Bojan Djordjev attended LFEO for RTD Chorale, a choir with people working for various European institutions. Bojan is an artist, currently making work in the context of Dasarts.
It’s a rainy morning, but Sablon is very charming even in this weather. Kristien is taking me to the place of today’s lecture. While talking about the piece and all different events that are taking place induced by this simple set-up, I admire Kristien’s newly acquired knowledge of the city after fixing all the appointments for Lecture for Every One. 40 meetings cover all spheres of life, layers and classes of society. We meet Sarah at the metro entrance. I ask her if she has a specific policy on me taking notes. I guess I am preparing myself for a lecture, still confused about the format. I have refrained from reading other eyewitnesses accounts of the lecture, I want to stay as blanco and as close to the «source» as possible. Then why take notes? Sarah agrees.
We arrive to the European quarter. The place we are going to is a building with thorough administrative security procedures. After filling out the forms with all our letters and numbers, we get guest stickers and are admitted. It’s empty. Our contact is very enthusiastic, she prepared herself and wants to give Sarah a proper introduction. Sarah checks out the room. It is pleasant and white with a very nice view on a patch of green grass – a park I guess – that is visible through the window. Rain makes it even greener. It is light and very acoustic, there is a baby grand piano, shiny black. The sound a conversation produces in this room makes the entire situation somehow – delightful! We sit in a side room, a kind of improvised salon/cloakroom, waiting for all the people to arrive. I ask Sarah details about the performance. I’m exercising my fantasy, letting it lose. We talk about remembering things. How I can remember random facts that are somehow systematised in my head as an autonomous hard drive. People are gathering in the corridor and soon we can hear a choir warm up. Cheerful noises of riffs, glissandos and melismas. These people who work for European institutions, come here on their lunch break to sing. It’s their precious hour of practice love for singing that will be chipped off today with a different kind of love.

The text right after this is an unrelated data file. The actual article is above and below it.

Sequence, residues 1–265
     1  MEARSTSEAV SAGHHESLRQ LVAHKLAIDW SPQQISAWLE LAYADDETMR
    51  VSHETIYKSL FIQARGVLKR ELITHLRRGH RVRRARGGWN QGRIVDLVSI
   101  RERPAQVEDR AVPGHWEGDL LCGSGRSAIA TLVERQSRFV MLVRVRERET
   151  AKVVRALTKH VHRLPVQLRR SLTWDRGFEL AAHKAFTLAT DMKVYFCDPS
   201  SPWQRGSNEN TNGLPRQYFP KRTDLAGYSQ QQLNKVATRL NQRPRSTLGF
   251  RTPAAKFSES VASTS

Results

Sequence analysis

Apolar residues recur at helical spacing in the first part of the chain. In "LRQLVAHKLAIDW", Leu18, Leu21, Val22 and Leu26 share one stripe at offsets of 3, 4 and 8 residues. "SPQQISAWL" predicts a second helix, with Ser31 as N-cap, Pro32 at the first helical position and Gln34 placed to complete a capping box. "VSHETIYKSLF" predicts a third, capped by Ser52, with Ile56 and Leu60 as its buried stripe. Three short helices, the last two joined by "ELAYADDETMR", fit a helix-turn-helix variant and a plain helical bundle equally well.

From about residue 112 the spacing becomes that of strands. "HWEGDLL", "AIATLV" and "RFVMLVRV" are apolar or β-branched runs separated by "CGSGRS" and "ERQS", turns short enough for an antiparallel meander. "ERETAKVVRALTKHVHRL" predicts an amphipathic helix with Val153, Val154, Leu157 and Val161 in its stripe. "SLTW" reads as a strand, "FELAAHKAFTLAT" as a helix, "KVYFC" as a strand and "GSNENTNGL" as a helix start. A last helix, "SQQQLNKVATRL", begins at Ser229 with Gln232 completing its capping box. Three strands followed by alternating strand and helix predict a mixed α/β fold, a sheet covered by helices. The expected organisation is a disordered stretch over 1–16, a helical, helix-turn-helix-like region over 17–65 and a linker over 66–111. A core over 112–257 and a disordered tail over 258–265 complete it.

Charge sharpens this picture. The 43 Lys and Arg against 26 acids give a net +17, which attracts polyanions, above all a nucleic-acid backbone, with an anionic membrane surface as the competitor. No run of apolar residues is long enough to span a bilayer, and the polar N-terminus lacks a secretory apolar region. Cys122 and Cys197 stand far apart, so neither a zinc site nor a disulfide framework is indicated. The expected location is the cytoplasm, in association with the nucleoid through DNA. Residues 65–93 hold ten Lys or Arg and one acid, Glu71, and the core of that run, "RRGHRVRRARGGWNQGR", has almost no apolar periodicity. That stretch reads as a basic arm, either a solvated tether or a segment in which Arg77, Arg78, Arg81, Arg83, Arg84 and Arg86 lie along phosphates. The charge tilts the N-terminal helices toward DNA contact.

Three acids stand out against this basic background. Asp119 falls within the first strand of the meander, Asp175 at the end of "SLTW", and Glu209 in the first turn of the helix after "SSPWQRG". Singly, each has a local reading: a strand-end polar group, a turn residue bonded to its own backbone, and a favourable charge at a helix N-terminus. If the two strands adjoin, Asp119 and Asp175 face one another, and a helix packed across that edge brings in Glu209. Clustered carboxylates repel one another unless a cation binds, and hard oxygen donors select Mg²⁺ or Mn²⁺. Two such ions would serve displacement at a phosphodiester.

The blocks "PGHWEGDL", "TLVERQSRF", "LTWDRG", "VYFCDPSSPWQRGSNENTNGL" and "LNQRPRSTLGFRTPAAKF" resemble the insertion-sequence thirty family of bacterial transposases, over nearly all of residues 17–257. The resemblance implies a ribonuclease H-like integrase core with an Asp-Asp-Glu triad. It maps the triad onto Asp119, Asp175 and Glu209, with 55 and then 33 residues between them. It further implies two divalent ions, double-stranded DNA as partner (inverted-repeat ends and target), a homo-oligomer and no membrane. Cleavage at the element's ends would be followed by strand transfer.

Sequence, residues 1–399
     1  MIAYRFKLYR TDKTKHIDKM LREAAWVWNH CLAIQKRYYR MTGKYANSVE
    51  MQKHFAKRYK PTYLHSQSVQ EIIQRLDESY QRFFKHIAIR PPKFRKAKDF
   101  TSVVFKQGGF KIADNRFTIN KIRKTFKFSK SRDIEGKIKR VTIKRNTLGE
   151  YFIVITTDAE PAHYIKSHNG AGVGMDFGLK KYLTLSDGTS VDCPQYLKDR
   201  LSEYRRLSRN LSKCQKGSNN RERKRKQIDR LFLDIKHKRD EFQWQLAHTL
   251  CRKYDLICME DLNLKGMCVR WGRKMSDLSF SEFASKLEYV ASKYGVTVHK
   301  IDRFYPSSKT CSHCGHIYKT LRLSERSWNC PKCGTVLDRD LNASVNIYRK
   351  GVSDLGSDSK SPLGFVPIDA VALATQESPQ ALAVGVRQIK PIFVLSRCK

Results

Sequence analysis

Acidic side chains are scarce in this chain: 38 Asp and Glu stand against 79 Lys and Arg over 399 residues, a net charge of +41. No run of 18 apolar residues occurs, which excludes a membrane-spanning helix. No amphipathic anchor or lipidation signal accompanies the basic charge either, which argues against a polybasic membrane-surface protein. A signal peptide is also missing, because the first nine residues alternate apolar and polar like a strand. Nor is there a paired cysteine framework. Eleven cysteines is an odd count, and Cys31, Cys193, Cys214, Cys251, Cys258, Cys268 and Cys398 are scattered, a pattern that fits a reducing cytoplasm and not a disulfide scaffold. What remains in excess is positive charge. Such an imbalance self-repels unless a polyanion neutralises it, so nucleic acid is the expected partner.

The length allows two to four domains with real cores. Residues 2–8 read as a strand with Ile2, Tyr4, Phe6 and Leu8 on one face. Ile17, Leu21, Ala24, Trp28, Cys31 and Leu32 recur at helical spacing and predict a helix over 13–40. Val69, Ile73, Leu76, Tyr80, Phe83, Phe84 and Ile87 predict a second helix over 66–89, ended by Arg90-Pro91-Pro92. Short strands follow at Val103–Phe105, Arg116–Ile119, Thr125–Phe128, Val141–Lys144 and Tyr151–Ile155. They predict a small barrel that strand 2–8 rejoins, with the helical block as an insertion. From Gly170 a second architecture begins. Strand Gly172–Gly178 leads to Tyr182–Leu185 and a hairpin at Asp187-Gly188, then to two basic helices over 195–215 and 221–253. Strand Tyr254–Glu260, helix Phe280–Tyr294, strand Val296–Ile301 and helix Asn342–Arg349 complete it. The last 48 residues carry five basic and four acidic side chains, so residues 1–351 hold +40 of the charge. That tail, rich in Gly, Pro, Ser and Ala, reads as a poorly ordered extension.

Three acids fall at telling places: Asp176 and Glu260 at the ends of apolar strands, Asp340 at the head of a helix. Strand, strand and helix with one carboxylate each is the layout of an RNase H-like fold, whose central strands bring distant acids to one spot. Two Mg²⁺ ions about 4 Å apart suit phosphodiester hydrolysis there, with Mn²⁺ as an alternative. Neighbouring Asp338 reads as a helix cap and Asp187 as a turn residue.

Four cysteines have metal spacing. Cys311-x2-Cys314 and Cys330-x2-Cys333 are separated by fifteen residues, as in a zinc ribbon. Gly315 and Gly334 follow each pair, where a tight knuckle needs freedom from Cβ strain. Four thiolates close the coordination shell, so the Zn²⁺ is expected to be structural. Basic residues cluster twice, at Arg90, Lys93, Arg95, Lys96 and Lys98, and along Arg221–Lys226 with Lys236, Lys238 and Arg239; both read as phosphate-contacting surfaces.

Our host gets us, we enter quickly. Everyone is standing. Our host introduces Sarah. For her, this performance is about communication between different people. The sentence does not sound neutral spoken in the capital of EU and in this context. Sarah stands next to the piano, like at liederabend, and starts the lecture. The people from the choir are also standing. They had their warm-up, they are ready to sing, but their conductor is replaced with a lecture. I am standing behind, in the last row. What were the people’s reactions? I heard laughter at certain places, also direct and intuitive answers to the questions posed by Sarah. But what performance took place at audiences’ faces? How do they “sing”? I realised that I was behind a big and important part of the performance. But then again, if I wanted to see it I had to deliver a lecture. Then what kind of a witness am I?
What kind of performers’ skills one develops in order to be able to deliver a text and at the same time observe what is the text inducing and producing in faces and behaviour of people, because one is so close to one’s listeners. It is really a situation where you send the message into the air and see it reflected, and really the only thing one should care about is the effect the speech produces. But, that’s what we do all the time in life, no? This simple everyday reality of a conversation comes as something unusual in the frame of art piece.
And what kind of “neutralising” practice must Sarah have as a performer that is exposed in such a way? How to digest all the faces, all the reactions, radiation that is reflected back from the lecture? It’s a new kind of exhaustion.
I must say, I wasn’t thinking of all this during lecture. I was one of the every one. I also performed. I was listening to the lecture. It led me slowly to the point of my personal explosion. It happened somewhere in the middle of the lecture, so I could vaguely follow the rest. I reconstruct it in my head. I will probably reconstruct it in conversations I will have about the lecture. I am excited in working on its performance virally.
Where did the performance take place? Who are its audience? What kind of public space it creates? With this simple gesture, the fragmented, powerless public sphere of today is literally manually sewn back together by Sarah with each lecture. It’s for EVERY ONE, but really an attempt of WE. This WE we were robbed of. Maybe some new WE. It’s a brave artistic gesture, at the same time ambitious and humble.
We leave immediately after the end of the lecture. While trying to find a way out through confusing doors and corridors, we can hear the choir singing some African sounding song.
18. 05. 2013, two days after the visit.